Noise Guidelines

1/1/2009
Noise and How Much We Can Take

Noise and How Much We Can Take


As we all can tell, today’s world is getting louder and louder all the time. We are exposed to a variety of sounds in a day, both wanted and unwanted. In the safety community we usually consider noise to be “unwanted” sound. Depending on your work environment, you may already have some training on the noise levels you can be exposed to without causing harm. 

The Occupational Safety and Health Administration (OSHA) has set guidelines for the exposures we can be in for a working environment. These exposure levels are set to prevent workers from having permanent hearing loss. Along with this, there are guidelines for measuring the sound (in decibels; dB), what type of personal protective equipment we should use, and how to record how the noise is affecting your hearing. At 90 dB you start to reach a level that can impact your hearing negatively if exposed to it for too long. This is all great information, but can you tell what the noise level (dB) is around you? The answer is probably No.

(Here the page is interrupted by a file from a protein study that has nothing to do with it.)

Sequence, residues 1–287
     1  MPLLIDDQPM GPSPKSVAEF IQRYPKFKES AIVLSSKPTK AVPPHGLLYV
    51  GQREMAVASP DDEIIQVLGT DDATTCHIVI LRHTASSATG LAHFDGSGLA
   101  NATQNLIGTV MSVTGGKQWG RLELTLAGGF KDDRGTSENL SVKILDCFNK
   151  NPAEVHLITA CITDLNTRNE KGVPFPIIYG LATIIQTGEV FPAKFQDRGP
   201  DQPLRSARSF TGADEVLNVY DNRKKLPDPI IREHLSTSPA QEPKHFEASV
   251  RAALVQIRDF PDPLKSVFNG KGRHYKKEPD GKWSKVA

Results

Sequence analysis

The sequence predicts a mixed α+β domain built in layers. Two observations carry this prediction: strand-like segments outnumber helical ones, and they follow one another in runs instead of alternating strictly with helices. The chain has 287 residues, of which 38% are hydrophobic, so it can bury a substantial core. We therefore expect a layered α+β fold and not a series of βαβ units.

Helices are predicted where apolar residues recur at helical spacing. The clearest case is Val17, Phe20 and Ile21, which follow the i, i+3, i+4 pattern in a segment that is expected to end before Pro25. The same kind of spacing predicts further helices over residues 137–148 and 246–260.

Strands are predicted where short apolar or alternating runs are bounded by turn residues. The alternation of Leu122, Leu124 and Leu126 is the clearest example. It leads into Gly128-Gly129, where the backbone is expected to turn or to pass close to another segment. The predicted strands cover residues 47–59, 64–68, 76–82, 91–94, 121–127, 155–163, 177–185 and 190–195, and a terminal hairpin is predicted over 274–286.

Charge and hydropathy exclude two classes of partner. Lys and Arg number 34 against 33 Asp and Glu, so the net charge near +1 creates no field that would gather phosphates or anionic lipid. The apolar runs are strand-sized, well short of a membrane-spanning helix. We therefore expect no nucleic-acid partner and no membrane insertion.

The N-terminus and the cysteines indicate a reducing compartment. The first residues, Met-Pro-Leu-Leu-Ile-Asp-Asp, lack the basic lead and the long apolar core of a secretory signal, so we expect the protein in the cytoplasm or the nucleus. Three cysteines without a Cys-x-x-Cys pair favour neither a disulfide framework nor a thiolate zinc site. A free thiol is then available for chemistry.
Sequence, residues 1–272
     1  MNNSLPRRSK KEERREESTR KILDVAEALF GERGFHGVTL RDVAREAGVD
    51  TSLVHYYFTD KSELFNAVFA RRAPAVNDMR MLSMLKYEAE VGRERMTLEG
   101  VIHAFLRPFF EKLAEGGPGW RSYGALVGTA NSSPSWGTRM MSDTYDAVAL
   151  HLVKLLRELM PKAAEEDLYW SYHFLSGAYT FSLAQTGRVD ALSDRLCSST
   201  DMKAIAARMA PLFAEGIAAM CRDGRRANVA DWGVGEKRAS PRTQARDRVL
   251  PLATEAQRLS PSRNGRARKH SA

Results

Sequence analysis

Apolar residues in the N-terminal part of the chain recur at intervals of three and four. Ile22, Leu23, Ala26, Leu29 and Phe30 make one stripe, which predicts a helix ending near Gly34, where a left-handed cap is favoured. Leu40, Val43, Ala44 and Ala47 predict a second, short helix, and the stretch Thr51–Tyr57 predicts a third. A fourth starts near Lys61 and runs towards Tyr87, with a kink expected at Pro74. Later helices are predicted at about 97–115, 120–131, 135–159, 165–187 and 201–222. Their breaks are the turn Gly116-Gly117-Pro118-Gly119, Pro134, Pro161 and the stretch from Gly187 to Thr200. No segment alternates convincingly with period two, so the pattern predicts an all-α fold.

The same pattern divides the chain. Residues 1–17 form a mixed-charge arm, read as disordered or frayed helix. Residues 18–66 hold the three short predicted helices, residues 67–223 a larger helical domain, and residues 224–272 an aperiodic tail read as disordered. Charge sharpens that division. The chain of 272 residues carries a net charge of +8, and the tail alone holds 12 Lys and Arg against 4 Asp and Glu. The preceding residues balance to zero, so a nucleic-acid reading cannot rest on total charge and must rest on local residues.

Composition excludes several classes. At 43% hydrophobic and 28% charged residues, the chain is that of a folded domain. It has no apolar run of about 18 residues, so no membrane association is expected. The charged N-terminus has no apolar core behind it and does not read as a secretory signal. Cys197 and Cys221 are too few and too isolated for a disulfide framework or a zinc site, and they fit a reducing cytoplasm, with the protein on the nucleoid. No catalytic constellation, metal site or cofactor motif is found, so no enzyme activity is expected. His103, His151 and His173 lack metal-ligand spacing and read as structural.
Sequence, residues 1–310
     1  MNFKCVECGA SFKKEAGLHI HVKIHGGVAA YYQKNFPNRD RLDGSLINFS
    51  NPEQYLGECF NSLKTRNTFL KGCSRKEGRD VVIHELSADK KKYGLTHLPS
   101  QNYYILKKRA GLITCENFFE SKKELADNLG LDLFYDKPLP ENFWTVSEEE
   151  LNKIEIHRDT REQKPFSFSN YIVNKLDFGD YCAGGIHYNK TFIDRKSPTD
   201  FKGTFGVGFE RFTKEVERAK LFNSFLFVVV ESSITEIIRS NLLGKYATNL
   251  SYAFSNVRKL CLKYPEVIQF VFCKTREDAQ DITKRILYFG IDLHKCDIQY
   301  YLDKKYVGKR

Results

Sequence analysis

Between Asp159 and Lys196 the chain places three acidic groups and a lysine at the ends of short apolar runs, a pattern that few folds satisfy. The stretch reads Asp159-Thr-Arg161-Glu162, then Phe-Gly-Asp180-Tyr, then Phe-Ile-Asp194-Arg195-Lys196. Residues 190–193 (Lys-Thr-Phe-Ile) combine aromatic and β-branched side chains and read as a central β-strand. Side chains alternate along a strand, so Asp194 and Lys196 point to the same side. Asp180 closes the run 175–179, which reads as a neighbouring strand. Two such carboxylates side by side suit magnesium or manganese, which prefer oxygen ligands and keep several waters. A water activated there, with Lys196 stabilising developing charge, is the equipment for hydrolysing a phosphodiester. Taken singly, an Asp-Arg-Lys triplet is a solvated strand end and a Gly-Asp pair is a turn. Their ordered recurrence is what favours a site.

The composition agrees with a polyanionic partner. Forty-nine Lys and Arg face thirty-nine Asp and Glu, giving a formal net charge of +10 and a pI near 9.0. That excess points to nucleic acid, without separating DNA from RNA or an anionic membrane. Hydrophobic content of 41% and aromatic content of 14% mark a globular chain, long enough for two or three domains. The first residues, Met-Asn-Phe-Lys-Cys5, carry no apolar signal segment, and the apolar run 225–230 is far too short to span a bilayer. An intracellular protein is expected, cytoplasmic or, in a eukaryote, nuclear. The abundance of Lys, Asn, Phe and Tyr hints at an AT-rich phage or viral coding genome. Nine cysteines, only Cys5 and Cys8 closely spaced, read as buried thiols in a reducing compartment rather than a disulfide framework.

The National Institute for Occupational Safety and Health (NIOSH) has done some of the research for us. Normal conversation between people is around 60dB. Lawnmowers are a surprising 90dB in normal working conditions. For those of you out there that use hand tools, did you know that a power drill can be around 98dB? Now for the big stuff, a bulldozer has a decibel reading over 100. It is always better to be safe than sorry, if your not sure of the decibel levels you are exposed to it may sound advise to check it out.

If you would like to see the decibel levels of more equipment, they can be referenced on the NIOSH website.